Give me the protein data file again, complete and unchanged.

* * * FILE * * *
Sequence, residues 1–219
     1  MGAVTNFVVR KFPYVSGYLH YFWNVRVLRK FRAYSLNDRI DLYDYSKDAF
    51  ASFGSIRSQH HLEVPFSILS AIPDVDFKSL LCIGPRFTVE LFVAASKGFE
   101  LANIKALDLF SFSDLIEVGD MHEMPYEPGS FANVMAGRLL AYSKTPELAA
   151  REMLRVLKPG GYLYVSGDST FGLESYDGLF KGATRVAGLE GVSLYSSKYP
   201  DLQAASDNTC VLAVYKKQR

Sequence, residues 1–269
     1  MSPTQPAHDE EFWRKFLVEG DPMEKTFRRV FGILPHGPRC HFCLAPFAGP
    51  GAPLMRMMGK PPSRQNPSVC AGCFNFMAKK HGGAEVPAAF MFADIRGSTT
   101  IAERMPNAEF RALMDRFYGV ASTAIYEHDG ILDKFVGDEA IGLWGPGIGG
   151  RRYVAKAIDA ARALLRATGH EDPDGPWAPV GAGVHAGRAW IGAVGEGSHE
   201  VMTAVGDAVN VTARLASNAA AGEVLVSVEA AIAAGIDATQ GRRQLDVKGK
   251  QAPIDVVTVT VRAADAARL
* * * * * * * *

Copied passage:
Sequence, residues 1–219
     1  MGAVTNFVVR KFPYVSGYLH YFWNVRVLRK FRAYSLNDRI DLYDYSKDAF
    51  ASFGSIRSQH HLEVPFSILS AIPDVDFKSL LCIGPRFTVE LFVAASKGFE
   101  LANIKALDLF SFSDLIEVGD MHEMPYEPGS FANVMAGRLL AYSKTPELAA
   151  REMLRVLKPG GYLYVSGDST FGLESYDGLF KGATRVAGLE GVSLYSSKYP
   201  DLQAASDNTC VLAVYKKQR

Sequence, residues 1–269
     1  MSPTQPAHDE EFWRKFLVEG DPMEKTFRRV FGILPHGPRC HFCLAPFAGP
    51  GAPLMRMMGK PPSRQNPSVC AGCFNFMAKK HGGAEVPAAF MFADIRGSTT
   101  IAERMPNAEF RALMDRFYGV ASTAIYEHDG ILDKFVGDEA IGLWGPGIGG
   151  RRYVAKAIDA ARALLRATGH EDPDGPWAPV GAGVHAGRAW IGAVGEGSHE
   201  VMTAVGDAVN VTARLASNAA AGEVLVSVEA AIAAGIDATQ GRRQLDVKGK
   251  QAPIDVVTVT VRAADAARL